The City Resilience Framework
What are the characteristics and capacities of a city that can adapt and grow in the face of these challenges? What distinguishes a resilient city from one that collapses in the face of disruption and adversity?
The Rockefeller Foundation partnered with the global design firm Arup to answer those questions. Extensive research and evaluation of cities’ experiences around the world revealed a common set of factors and systems that enhance a city’s ability to survive, adapt, and grow in the face of adversity. The City Resilience Framework (CRF) is the product of that work. It is an invaluable lens to help understand the complexity of cities, and it identifies a series of drivers necessary for a city’s resilience.
The CRF describes the essential systems of a city in terms of four dimensions: Health & Wellbeing; Economy & Society; Infrastructure & Environment; and Leadership & Strategy.
Each dimension contains three “drivers,” which reflect the actions cities can take to improve their resilience. To learn more about a Dimension and its Drivers, click on a portion of the circle below.
We also recommend you read the full text describing the City Resilience Framework here, which includes more detail as well as case studies that apply these concepts to city examples. While the CRF isn’t a definition of urban resilience, it is a useful tool to help cities explore the strengths and weaknesses of its systems. 100RC uses several diagnostic tools based on the CRF in its work with cities to examine interdependencies and diagnose where to build their capacities.
Leadership & Strategy
The processes that promote effective leadership, inclusive decision-making, empowered stakeholders, and integrated planning
- Promote Leadership and Effective Management
Encourage capable leadership and effective urban management within government and civil society, particularly during an emergency. This involves strong leadership, cross-sector communication, and evidenced-based decision-making.
- Empower a Broad Range of Stakeholders
Ensure everybody is well informed, capable, and involved in their city. This includes access to information and education, communication between the government and public, knowledge transfer, and timely and appropriate monitoring.
- Foster Long-Term and Integrated Planning
Align sectoral plans and individual projects with the city’s vision to be coordinated and appropriate to address the city’s needs. This includes city strategies and plans.
Health & Wellbeing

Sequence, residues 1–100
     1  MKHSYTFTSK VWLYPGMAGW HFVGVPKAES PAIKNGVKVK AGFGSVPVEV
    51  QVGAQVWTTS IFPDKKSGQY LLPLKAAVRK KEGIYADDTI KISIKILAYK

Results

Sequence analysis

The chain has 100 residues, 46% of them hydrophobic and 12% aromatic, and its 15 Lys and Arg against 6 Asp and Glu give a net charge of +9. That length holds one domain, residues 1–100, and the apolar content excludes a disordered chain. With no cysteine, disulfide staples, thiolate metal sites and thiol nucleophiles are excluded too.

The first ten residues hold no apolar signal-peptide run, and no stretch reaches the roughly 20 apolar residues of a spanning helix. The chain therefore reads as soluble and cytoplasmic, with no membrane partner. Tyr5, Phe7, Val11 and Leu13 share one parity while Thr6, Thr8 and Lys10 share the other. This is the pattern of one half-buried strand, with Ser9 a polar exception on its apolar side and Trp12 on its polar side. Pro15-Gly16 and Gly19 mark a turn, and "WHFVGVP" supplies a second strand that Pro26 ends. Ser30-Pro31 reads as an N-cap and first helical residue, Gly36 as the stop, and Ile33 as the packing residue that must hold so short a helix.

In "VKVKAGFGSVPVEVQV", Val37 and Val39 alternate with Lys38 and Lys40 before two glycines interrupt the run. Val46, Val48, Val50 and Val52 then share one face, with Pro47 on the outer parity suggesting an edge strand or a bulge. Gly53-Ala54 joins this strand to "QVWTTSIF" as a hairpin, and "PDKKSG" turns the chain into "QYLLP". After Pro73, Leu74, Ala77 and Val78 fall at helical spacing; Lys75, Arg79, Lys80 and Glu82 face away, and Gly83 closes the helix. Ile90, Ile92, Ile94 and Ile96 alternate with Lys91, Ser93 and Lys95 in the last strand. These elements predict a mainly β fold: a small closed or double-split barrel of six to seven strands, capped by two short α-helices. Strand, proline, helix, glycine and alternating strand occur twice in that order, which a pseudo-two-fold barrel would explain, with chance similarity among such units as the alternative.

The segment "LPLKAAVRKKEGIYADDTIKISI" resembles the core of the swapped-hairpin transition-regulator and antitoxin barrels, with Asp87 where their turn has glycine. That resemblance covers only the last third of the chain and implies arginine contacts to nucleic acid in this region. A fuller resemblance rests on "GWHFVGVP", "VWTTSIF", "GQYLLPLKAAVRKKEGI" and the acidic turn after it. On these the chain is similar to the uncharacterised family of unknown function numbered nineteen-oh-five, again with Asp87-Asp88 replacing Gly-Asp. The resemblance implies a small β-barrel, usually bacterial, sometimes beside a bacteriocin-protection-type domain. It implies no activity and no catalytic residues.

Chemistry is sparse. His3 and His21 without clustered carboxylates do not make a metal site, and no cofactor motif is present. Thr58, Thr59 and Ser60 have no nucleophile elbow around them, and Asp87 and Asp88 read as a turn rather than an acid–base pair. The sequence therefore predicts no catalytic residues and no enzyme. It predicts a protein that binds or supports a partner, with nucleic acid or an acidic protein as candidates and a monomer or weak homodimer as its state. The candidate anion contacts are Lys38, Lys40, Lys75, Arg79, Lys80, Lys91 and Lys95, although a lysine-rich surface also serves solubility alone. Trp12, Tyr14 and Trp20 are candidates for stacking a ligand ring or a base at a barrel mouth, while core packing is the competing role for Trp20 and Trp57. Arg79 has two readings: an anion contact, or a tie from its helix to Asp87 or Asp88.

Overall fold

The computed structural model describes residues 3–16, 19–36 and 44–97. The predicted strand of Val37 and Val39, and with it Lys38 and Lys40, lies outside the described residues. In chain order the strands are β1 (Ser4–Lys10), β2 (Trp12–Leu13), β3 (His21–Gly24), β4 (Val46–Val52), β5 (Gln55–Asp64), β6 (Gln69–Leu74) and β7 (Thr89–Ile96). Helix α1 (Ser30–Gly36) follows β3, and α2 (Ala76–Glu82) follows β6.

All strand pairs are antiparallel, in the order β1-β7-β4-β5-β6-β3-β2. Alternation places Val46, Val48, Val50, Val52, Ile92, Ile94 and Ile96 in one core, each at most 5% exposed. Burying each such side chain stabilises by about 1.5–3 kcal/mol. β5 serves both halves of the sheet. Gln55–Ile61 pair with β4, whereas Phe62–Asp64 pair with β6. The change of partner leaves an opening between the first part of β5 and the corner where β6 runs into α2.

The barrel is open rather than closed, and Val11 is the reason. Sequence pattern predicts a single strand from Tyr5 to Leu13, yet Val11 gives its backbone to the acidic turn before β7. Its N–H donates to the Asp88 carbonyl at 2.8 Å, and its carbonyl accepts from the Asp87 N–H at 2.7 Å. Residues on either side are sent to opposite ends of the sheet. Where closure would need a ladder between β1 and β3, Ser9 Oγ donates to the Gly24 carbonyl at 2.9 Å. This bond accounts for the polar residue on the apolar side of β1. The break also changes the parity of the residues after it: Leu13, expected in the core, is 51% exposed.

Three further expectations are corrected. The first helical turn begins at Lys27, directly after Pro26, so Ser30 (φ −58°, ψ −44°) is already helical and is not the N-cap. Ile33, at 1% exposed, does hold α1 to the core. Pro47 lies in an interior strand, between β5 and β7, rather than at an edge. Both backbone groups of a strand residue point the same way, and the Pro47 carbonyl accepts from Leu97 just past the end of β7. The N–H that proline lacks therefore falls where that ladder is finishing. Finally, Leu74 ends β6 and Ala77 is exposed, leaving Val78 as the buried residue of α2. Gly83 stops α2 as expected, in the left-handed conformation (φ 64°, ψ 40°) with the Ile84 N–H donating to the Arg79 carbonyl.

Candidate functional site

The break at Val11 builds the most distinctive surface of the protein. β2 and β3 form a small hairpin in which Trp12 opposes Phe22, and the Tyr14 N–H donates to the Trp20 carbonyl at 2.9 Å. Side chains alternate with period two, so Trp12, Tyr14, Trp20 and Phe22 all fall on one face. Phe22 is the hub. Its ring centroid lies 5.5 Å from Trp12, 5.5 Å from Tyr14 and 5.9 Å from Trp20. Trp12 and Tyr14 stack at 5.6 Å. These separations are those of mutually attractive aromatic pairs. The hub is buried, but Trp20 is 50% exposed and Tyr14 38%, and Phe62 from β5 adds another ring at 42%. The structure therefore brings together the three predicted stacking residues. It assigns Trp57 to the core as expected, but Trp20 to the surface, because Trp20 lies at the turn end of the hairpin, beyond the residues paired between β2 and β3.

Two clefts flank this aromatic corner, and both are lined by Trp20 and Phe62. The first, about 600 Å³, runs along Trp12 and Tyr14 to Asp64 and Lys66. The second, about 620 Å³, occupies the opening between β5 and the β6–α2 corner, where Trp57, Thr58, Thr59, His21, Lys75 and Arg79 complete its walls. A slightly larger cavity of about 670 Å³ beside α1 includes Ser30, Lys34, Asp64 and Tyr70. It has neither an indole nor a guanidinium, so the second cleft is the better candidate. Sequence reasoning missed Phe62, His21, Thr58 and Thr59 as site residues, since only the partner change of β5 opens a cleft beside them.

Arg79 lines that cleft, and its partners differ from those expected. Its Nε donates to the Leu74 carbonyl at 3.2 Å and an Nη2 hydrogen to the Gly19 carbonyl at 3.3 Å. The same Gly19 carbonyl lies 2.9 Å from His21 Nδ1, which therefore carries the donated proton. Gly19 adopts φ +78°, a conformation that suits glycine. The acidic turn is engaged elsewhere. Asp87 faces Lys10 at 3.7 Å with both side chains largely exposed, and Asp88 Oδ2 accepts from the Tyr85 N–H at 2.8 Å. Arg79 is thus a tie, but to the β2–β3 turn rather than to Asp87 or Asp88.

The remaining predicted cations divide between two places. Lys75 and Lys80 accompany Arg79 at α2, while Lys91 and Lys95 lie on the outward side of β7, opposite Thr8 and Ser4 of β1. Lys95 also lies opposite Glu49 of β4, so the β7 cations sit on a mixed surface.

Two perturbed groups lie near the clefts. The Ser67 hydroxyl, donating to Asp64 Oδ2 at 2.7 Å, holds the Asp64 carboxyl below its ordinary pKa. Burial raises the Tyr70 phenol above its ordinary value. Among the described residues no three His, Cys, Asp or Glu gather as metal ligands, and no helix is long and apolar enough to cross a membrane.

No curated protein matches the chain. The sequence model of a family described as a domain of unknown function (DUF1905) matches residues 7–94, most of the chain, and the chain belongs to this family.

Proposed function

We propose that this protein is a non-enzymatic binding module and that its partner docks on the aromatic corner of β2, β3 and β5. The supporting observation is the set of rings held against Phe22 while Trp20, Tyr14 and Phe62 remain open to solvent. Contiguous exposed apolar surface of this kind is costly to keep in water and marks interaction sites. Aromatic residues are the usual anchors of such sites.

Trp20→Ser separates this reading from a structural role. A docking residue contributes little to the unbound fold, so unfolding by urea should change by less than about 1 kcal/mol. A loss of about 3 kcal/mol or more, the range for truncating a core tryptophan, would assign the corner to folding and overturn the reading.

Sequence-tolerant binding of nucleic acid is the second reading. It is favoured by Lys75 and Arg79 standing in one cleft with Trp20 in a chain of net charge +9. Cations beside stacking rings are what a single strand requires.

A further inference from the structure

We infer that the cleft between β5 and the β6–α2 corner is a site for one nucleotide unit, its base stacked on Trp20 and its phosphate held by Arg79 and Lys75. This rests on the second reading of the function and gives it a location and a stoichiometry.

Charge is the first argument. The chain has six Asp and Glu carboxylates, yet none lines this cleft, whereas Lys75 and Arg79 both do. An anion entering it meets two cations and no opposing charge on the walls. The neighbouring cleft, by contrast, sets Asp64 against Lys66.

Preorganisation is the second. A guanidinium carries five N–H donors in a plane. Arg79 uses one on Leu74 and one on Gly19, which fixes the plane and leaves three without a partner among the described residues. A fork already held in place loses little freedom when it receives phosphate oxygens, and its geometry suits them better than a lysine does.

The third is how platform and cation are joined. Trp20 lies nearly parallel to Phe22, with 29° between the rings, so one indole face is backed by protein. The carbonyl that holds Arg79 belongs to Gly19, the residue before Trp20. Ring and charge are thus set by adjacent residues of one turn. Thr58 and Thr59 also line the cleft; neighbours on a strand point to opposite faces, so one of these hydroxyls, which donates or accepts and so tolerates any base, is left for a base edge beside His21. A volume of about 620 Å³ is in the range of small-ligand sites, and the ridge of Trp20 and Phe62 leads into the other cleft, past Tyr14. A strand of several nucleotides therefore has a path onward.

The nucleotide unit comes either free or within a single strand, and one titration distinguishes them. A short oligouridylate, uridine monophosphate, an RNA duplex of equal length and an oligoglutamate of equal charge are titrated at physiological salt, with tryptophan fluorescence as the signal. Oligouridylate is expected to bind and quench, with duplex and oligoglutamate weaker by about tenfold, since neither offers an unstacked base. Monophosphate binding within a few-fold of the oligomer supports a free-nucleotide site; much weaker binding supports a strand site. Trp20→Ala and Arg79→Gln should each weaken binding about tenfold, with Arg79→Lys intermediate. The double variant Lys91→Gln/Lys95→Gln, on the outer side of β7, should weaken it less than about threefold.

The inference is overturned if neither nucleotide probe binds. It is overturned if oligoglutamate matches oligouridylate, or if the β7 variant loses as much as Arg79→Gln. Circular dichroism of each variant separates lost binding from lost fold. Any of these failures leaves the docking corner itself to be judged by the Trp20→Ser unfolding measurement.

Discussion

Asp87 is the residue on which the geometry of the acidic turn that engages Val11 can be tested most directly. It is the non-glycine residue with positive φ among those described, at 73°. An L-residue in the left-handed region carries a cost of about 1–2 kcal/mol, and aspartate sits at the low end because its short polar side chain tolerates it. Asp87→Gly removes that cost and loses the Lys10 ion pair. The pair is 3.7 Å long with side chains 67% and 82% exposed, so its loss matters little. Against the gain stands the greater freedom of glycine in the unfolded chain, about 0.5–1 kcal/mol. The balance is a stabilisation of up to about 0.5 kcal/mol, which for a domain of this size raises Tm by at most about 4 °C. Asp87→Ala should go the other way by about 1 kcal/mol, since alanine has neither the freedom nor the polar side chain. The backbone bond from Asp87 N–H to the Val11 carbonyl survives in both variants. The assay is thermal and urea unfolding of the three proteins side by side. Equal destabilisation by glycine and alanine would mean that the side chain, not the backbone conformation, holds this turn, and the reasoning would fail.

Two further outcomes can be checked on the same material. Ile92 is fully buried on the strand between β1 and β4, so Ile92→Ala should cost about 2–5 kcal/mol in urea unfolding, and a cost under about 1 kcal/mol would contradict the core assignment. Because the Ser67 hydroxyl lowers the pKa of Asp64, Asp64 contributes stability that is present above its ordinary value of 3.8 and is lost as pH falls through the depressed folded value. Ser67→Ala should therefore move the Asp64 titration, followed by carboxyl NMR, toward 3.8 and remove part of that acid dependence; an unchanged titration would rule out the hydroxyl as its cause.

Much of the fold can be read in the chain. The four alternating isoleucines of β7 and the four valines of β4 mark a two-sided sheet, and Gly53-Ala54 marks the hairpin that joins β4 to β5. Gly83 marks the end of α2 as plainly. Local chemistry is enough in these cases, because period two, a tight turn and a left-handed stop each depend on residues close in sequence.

Everyone living and working in the city has access to what they need to survive and thrive.
- Meets Basic Needs
Particularly in times of crisis, ensure that people have access the basic resources necessary to survive – food, water and sanitation, energy, and shelter.
- Supports Livelihoods and Employment
Assist individuals to access diverse livelihood and employment opportunities, including access to business investment and social welfare. This includes skills and training, fair labor policy, and development and innovation.
- Ensures Public Health Services
Provide access to effective public healthcare and emergency services to safeguard physical and mental health. This includes medical practitioners and plans, as well as clinics and ambulances.
Economy & Society
The social & financial systems that enable urban populations to live peacefully, and act collectively.
- Promote Cohesive and Engaged Communities
Create a sense of collective identity and mutual support. This includes building a sense of local identity, social networks, and safe space; promoting features of an inclusive local cultural heritage; and encouraging cultural diversity while promoting tolerance and a willingness to accept other cultures.
- Ensure Social Stability, Security, and Justice
Ensure a comprehensive and inclusive approach to law enforcement and justice that fosters a stable, secure, and just society. This includes fair and transparent policing and deterrents to crime – specifically in times of crisis, as well as enforcement of laws such as codes and regulations.
- Foster Economic Prosperity
Ensure the availability of funding and a vibrant economy as a result of diverse revenue streams, the ability to attract business investment, and contingency plans. This involves good governance, integration with the regional and global economy and measures to attract investment.
Infrastructure & Environment
The man-made and natural systems that provide critical services, protect, and connect urban assets enabling the flow of goods, services, and knowledge.
- Provide and Enhances Protective Natural and Man-Made Assets
Maintain protective natural and man-made assets that reduce the physical vulnerability of city systems. This includes natural systems like wetlands, mangroves and sand dunes or built infrastructure like sea walls or levees.
- Ensure Continuity of Critical Services
Actively manage and enhance natural and man-made resources. This includes designing physical infrastructure such as roads and bridges to withstand floods so that people can evacuate, as well as ecosystem management for flood risk management. It also includes emergency response plans and contingency plans that may coordinate airports to function so that relief can be lifted in and out during a crisis.
- Provide Reliable Communication and Mobility
Provide a free flow of people, information, and goods. This includes information and communication networks as well as physical movement through a multimodal transport system.